Are we territorial creatures? Or ‘Hey, you, get offa my beach towel!’


The festive season has many meanings depending on faith, family and personal preference but one thing it does require is learning how to adapt to the swelling crowds of holidaymakers who would normally be at work,university or school. It can be the source of instant camaraderie and a jovial feeling when you start to appreciate that we are all after the same thing-a good time. Then again, the increased proximity and demand for sharing your space with strangers, can be cause for feeling the need to carve out and defend a space for yourself.


Recently, I felt this territorial need  when holidaying with my family on a beautiful beach near Perth. As the temperature climbed, the crowds descended for the classic Christmas lunch on the beach. After the grand-kids opened their presents at 5.30,we had gone down early for a swim, intending on returning for brunch. Bringing their Christmas booty, a large family moved towards us, the father insolently planted his towel at my feet so that I was forced to cede my spot to him.


The beach towel is like a flag which people use to claim their territory on the threshold between earth and sea. Its usually a bright, multicoloured fabric, some actually designed with the national flag.They can be well used by regular swimmers or brand new bearing labels as so many were on that Christmas day. We felt gazumped and decided to leave before being physically overtaken.
The saga of the beach towel, which turned into an outdoor tablecloth for picnics, continued and I found myself behaving , and being seen so, as a territorial invader by others.  I looked to grab the shady spots while the temperature climbed and people sought relief by the beach, savouring the sea breeze. Their discomfort at being so close was conveyed through the stare and refusal to smile, but that was not enough to put me off. While my family enjoyed the sea I decided to stretch out and read. Waking on their return,I found a bottom perched perilously close to my head and sat upright to face the back of a girl in a group of young overseas tourists,deeply engaged in personal conversation.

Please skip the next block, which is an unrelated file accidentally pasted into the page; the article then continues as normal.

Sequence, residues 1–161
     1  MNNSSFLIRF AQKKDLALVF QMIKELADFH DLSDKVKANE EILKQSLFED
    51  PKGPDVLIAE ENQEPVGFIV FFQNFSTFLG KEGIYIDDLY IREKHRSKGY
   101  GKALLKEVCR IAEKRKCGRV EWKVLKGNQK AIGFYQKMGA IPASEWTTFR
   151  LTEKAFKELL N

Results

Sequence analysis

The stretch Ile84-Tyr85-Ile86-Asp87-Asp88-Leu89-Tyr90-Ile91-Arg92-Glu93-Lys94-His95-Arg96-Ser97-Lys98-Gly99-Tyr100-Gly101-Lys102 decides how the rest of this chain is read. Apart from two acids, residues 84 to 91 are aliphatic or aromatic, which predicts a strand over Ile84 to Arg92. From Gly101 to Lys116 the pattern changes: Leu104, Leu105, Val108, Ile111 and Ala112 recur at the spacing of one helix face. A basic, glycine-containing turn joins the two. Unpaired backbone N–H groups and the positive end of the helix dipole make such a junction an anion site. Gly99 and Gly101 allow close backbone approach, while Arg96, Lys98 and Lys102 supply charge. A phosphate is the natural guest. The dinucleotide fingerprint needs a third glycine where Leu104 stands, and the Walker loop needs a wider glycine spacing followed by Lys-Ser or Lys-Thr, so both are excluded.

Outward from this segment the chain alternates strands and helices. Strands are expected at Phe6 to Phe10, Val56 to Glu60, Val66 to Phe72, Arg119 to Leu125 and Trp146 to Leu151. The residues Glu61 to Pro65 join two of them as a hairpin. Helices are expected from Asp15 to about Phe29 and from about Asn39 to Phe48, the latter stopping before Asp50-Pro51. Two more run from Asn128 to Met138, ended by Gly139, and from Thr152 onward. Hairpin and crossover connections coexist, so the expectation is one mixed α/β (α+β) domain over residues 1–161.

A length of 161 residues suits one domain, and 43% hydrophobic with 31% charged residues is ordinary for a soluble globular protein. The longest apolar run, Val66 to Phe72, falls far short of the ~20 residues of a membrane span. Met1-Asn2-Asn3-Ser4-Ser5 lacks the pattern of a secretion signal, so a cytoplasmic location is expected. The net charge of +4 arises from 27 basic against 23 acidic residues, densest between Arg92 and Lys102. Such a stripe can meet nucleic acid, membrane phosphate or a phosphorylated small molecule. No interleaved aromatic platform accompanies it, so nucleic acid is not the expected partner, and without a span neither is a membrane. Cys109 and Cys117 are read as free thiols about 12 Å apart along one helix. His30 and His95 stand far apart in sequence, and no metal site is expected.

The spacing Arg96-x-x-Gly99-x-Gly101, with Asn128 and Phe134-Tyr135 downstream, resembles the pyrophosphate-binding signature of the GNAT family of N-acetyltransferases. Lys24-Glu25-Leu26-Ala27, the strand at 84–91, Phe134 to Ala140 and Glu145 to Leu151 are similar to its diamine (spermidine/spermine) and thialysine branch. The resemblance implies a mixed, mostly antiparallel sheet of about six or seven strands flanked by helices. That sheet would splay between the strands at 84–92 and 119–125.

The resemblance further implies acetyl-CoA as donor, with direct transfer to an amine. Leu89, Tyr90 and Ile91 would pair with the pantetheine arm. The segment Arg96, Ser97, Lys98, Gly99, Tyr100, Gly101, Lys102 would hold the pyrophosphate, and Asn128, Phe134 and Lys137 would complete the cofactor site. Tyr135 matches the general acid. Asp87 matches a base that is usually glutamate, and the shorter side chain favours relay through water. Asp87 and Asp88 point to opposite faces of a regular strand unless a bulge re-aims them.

“Am I in your way at all?” I testily asked
No, not at all” She replied cheerfully
My attempts at using sarcasm to change behaviour had failed miserably.  I decided to give in and accept the reality of shared space and really was it so bad? How easily I had developed behaviours which I had initially deplored, as a surge of territoriality had manifested. This instinct to claim land for our own personal comfort and use,whether for an hour by placement of beach towel or indefinitely by national flag, has been the cause of immeasurable grief in human history. Surely its now time to develop and value new ways of accommodating the infinite varieties of life and living?

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